By Ann Leach

Oil painter Kim Kissel’s life has been centered around art ever since her awareness of art began with her mother, who taught her the creative side of life. “She’d share stories and songs and conversation with me as a young girl,” Kissel said. “I began to challenge myself as a young person exploring mediums and subjects that captured my attention.” 

Kissel was hooked, and drawing became her constant pastime at home and at school. “I started collecting art supplies and would spend hours in my room painting,” she said. “This would lead to an education in fine arts and progressed to exhibits, shows and gallery representation, along with a social media and website presence.” 

The artist’s day begins with giving thanks, enjoying a warm beverage and playing a game of chess online. “I casually glance at the painting on the easel throughout my morning, and that gives me a fresh perspective and direction for the day’s work,” Kissel said. 

Her 2024 art focus is on portraits and figurative work depicting everyday life in the 21st century as she sees it. There are two easels in her studio space, one that demands immediate attention, most likely due to a commission, and the second one for exploring ideas.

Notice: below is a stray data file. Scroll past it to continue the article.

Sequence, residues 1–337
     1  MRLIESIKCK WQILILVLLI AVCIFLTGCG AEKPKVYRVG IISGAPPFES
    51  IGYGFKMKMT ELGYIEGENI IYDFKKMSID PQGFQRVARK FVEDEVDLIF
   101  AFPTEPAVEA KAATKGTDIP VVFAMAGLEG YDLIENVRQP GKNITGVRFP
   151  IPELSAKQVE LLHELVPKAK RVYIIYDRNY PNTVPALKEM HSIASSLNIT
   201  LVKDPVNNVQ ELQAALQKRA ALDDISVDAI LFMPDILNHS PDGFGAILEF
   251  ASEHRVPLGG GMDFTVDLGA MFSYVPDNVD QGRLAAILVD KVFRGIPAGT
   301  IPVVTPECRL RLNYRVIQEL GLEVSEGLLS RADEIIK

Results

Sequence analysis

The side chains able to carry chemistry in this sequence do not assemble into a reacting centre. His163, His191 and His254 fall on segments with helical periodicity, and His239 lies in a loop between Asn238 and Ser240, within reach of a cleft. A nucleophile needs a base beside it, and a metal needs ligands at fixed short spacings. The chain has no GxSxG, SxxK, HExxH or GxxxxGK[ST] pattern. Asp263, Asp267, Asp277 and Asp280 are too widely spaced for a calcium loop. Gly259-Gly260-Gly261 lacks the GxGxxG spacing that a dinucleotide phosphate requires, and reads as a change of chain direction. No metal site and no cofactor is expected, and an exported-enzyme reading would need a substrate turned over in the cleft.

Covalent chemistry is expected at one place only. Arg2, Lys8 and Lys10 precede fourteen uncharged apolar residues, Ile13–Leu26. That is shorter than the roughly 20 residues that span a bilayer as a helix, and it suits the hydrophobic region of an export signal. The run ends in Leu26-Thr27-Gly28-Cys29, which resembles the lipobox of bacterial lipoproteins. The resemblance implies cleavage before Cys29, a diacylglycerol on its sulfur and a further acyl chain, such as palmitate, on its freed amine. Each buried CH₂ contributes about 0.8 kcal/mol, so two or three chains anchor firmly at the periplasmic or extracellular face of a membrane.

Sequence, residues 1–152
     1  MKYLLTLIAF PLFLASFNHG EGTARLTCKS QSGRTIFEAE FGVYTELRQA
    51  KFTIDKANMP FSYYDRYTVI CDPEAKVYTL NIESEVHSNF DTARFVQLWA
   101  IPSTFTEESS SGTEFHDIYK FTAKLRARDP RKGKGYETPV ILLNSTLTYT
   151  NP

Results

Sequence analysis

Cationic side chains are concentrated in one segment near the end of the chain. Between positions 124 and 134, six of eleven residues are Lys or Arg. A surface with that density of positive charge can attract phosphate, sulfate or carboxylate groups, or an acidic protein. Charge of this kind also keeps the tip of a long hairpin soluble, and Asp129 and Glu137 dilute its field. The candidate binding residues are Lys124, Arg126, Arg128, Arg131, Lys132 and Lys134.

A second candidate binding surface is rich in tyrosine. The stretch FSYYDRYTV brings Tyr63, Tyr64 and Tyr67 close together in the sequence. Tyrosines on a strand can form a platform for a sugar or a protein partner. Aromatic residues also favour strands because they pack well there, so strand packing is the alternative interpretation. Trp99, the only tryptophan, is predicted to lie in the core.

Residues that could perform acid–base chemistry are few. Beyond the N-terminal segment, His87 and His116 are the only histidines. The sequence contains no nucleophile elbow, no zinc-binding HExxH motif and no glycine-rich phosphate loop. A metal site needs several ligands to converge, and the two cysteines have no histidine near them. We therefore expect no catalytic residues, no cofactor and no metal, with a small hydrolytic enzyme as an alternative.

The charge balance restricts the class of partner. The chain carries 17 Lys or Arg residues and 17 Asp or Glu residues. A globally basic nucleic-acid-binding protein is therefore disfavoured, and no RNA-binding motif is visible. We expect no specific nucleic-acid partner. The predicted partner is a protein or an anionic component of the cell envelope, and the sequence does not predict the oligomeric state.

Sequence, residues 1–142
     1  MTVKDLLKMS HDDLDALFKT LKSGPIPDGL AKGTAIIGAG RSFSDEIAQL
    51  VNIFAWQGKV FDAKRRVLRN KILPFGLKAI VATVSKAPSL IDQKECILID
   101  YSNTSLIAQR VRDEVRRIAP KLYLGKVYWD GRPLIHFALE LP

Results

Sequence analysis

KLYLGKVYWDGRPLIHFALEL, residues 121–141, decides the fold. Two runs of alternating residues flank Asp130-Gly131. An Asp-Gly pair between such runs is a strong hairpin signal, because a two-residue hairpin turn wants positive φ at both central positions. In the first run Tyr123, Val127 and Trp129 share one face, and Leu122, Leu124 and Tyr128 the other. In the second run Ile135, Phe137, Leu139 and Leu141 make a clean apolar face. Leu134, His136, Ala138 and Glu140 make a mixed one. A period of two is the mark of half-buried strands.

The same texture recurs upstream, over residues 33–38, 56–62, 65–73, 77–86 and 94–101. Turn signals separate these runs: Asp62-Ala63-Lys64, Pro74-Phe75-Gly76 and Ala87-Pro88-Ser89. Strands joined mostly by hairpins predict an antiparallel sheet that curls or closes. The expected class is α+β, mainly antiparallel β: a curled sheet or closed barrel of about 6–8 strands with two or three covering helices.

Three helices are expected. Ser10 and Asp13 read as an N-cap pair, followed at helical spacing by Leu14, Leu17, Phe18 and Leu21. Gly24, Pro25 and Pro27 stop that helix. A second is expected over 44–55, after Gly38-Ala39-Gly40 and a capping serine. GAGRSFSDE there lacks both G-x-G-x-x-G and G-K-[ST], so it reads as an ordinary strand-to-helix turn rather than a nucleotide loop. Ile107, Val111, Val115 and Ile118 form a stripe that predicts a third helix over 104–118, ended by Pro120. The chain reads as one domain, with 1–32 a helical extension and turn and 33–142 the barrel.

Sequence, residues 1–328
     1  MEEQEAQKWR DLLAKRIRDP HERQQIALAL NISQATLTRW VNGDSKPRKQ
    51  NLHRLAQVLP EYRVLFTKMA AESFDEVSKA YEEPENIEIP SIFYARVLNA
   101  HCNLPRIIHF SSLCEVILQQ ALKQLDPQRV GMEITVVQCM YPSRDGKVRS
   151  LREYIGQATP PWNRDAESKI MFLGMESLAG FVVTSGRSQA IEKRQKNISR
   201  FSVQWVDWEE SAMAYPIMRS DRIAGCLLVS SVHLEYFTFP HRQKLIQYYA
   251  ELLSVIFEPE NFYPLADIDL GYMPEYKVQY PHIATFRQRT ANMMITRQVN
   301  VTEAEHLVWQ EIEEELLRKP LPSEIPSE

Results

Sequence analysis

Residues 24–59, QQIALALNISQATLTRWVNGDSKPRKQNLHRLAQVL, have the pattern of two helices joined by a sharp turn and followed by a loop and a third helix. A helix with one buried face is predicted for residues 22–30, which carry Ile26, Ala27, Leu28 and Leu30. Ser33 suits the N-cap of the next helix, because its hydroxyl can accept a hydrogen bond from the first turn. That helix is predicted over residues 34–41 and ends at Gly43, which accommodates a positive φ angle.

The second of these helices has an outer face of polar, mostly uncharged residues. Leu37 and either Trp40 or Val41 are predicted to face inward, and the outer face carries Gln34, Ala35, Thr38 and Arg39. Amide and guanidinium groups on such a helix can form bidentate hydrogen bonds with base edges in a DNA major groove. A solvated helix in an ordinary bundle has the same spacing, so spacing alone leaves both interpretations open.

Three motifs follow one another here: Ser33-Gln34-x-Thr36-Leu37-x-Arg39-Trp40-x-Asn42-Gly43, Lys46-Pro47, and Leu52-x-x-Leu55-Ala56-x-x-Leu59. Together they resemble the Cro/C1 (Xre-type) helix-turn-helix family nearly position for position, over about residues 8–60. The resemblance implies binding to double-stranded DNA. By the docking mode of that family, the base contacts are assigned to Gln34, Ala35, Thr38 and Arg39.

Kissel described her work as “quiet. It holds me in a moment of thought. There is a sensitivity that questions the outside world and brings a sort of solitude into the picture. It is okay to be me.” 

She shared that her thoughts center around discovery of the things she feels and sees. “For the most part, I would say my work is cathartic and helps me to approach the truth of my life. It focuses on an object or place that gives life to the events of my life.” 

The art experience for Kissel is about “making your way into a world of color, value, line, texture, all the good things that matter when you are thinking about your end result.” She enjoys what she calls the “trifecta of completion. The concept or what it is you are saying, the process or how you say it with your materials, and the visual images that pronounce your concept are what create the trifecta of completion for me,” she said. 

Kissel is a member of the Joplin Regional Artist Coalition and Spiva Center for the Arts, and said, “My hope is that Joplin will continue to embrace and grow in support of local art and the tradition of patronizing the creative spirit that resides in this beautiful community.” 

You can find Kissel’s work at Local Color Art Gallery and on her website, She is also represented by Midwest Galleries for whom she exhibits in solo and group shows. She also accepts commissions. 

See more photos in the March 2024 print edition or digital issue